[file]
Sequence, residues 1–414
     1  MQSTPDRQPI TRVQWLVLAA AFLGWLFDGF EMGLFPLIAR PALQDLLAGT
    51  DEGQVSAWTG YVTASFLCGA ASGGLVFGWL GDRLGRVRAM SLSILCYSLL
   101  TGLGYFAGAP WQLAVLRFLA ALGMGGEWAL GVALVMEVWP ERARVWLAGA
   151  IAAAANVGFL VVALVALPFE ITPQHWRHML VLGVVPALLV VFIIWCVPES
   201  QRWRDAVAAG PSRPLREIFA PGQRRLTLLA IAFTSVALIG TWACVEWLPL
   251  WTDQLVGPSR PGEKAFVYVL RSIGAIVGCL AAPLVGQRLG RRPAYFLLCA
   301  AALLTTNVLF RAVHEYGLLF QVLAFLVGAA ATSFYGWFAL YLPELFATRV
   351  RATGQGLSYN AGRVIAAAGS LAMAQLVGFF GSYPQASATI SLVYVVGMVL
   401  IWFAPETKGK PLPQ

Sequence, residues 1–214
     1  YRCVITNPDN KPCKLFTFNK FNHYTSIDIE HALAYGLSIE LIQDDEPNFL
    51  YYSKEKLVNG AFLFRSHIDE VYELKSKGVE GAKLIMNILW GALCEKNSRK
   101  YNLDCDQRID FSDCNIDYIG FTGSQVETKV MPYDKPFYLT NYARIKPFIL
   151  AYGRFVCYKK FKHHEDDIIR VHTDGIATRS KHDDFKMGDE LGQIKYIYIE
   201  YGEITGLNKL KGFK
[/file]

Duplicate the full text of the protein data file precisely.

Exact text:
Sequence, residues 1–414
     1  MQSTPDRQPI TRVQWLVLAA AFLGWLFDGF EMGLFPLIAR PALQDLLAGT
    51  DEGQVSAWTG YVTASFLCGA ASGGLVFGWL GDRLGRVRAM SLSILCYSLL
   101  TGLGYFAGAP WQLAVLRFLA ALGMGGEWAL GVALVMEVWP ERARVWLAGA
   151  IAAAANVGFL VVALVALPFE ITPQHWRHML VLGVVPALLV VFIIWCVPES
   201  QRWRDAVAAG PSRPLREIFA PGQRRLTLLA IAFTSVALIG TWACVEWLPL
   251  WTDQLVGPSR PGEKAFVYVL RSIGAIVGCL AAPLVGQRLG RRPAYFLLCA
   301  AALLTTNVLF RAVHEYGLLF QVLAFLVGAA ATSFYGWFAL YLPELFATRV
   351  RATGQGLSYN AGRVIAAAGS LAMAQLVGFF GSYPQASATI SLVYVVGMVL
   401  IWFAPETKGK PLPQ

Sequence, residues 1–214
     1  YRCVITNPDN KPCKLFTFNK FNHYTSIDIE HALAYGLSIE LIQDDEPNFL
    51  YYSKEKLVNG AFLFRSHIDE VYELKSKGVE GAKLIMNILW GALCEKNSRK
   101  YNLDCDQRID FSDCNIDYIG FTGSQVETKV MPYDKPFYLT NYARIKPFIL
   151  AYGRFVCYKK FKHHEDDIIR VHTDGIATRS KHDDFKMGDE LGQIKYIYIE
   201  YGEITGLNKL KGFK